Error Handling with Exceptions: How to Throw

By | November 8, 2010

This article is part of a longer running series on Error Handling with Exceptions.

Fortunately, throwing exceptions is very easy in most languages, and the best recommendation is to throw in such a way that all information required by the exception is populated. When creating custom exception types, care should be taken to ensure that the user of the exception (when throwing) is not placed under undue hardship while populating its required information. The following recommendations help to eliminate such a burden:

  • Create a macro if the language doesn’t populate location information regarding where an exception was thrown. This macro should internally calculate the location and add that information to the exception.
  • Ensure that exceptions can be created and thrown in a single statement; any difficulty associated with throwing an exception will decrease the likelihood that the exception is used in practice. Consider these code samples:
MyExceptionType ex;
throw ex;


throw MyExceptionType().SetArg1("Foo").SetArg2("Bar");

The first sample requires that the user create the exception type and set each value within its own statement. The second example doesn’t prevent that usage pattern, but does facilitate the more concise version.

Error Handling with Exceptions: What to Throw

By | November 3, 2010

This article is part of a longer running series on Error Handling with Exceptions.

Fortunately, there are only a couple of things to keep in mind when throwing exceptions (and most of these requirements are built into the language or codified through convention).

What to Throw

  1. Exception types should be specific to an error
  2. Exception types should derive from a common base class
  3. Instances of exception types should contain all information to accurately diagnose the conditions that cased the failure
  4. Instances of exception types should contain all information to accurately diagnose where the exception was thrown

Exception types should be specific to an error

There should be a 1-to-1 correspondence between exception types and the error that caused the exception to be thrown, such that it is possible for a caller to catch on a specific problem (e.g. an attempt to open a file that is locked by another user) or a more general problem (e.g. an attempt to open a file failed). In some cases, it might be appropriate for a caller to initiate action to correct the error that caused the exception to be thrown, while in others the caller may choose to terminate the current operation and restore the user to a known good state. The end result is that it isn’t the thrower than knows how to continue, it is the caller – and that caller needs the correct contextual information to make informed decisions.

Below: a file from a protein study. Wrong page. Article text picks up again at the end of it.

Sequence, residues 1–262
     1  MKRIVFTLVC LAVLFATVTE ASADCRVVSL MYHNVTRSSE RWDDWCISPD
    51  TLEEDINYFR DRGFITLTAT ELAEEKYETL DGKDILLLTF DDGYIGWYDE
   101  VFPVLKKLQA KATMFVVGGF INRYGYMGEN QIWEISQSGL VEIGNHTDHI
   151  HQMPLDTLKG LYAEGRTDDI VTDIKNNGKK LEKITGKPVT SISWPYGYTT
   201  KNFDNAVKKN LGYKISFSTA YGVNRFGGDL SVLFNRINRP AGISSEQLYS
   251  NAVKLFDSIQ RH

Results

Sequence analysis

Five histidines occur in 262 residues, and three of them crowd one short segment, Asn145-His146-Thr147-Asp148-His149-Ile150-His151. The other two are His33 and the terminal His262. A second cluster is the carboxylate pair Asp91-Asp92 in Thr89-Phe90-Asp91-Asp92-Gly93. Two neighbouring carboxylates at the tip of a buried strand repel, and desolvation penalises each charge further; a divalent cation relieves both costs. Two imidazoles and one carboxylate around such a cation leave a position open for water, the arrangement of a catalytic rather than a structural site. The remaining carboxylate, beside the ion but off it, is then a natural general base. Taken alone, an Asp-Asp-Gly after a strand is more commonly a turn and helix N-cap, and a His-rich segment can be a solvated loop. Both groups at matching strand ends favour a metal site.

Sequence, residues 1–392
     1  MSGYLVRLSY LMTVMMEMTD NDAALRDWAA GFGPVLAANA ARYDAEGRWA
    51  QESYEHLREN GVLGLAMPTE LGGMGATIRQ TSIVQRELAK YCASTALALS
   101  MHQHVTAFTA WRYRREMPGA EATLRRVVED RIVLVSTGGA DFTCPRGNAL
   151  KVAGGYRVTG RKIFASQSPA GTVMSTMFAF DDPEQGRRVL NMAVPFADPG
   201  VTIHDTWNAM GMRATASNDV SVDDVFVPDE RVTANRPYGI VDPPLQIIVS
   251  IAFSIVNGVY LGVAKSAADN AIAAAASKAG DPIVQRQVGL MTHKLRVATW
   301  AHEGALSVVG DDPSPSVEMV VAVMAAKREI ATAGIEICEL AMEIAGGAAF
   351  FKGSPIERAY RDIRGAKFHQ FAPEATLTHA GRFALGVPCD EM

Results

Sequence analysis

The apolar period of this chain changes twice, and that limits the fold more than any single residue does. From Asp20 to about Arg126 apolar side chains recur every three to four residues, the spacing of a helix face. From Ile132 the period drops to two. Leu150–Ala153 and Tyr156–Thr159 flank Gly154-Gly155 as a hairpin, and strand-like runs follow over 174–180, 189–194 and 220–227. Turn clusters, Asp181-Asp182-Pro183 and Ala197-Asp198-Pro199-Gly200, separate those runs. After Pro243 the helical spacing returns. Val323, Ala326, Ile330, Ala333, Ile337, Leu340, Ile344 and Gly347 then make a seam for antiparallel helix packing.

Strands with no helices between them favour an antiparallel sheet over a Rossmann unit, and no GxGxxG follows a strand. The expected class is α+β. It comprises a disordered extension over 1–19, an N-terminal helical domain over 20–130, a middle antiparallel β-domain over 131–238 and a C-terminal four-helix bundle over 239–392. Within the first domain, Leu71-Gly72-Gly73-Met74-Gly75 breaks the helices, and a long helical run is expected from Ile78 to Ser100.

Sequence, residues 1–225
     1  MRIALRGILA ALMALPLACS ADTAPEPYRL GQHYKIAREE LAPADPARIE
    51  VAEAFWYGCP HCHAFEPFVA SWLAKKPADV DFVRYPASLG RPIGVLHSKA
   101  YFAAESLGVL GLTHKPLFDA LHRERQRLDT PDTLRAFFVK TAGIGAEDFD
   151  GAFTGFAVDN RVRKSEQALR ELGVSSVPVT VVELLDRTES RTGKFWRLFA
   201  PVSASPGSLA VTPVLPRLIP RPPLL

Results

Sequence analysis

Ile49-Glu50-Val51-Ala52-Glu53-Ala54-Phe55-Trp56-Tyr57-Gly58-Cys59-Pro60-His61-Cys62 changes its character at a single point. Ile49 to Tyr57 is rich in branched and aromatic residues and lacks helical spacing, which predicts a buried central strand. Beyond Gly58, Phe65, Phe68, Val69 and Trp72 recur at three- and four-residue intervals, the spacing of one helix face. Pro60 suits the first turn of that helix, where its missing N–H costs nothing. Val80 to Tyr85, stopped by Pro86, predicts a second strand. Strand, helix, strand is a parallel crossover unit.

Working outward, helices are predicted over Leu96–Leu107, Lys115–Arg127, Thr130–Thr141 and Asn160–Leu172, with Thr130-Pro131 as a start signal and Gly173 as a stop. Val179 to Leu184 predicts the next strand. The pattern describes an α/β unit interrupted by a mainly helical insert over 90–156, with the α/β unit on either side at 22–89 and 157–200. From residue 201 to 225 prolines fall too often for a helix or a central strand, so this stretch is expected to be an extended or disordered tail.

Some languages and platforms place cumbersome criteria on what it considers to be a valid exception type. For example, the following is a minimal C# exception type:

public class MyException : System.Exception
    public MyException() { }
    public MyException(string message) : base(message) { }
    public MyException(string message, System.Exception inner) : base(message, inner) { }
    protected MyException(
      System.Runtime.Serialization.SerializationInfo info,
      System.Runtime.Serialization.StreamingContext context)
        : base(info, context) { }

In such systems, a foundation should be created (through macros, code snippets, base class implementation, etc) to reduce as much friction as possible when creating new exception types. Any friction not removed will serve as a deterrent to creating exception types specific to the errors that they represent.

Exception types should derive from a common base class

In the vast majority of cases, custom exception types should be a part of well-defined exception hierarchy ultimately rooted in an object defined by the programming language or common library. Exception types not conforming to this recommendation greatly increase the burden placed on the caller by requiring additional catch logic for incongruent types.

For example, in the following code example MyException1 and MyException2 are not based on std::exception, thus placing a requirement on the caller of FunctionThatMayThrow to handle inconsistently rooted exceptions.

struct MyException1 {};
struct MyException2 {};

catch(MyException1 const &ex)
    // Do something with ex
catch(MyException2 const &ex)
    // Do something with ex
catch(std::exception const &ex)
    // Do something with ex

Even worse than the burden placed on the caller is that this code is brittle; what happens when FunctionThatMayThrow or a function that it calls is modified such that MyException3 is thrown? Without a common bases class, all exception-aware functions using FunctionThatMayThrow (either directly or indirectly) must be modified to handle MyException3.

The following addresses these problems in that the exception types are based on a well-defined object hierarchy. As a result, the caller can catch by exceptions of a specific type, exceptions in a common hierarchy, or any exception that is thrown.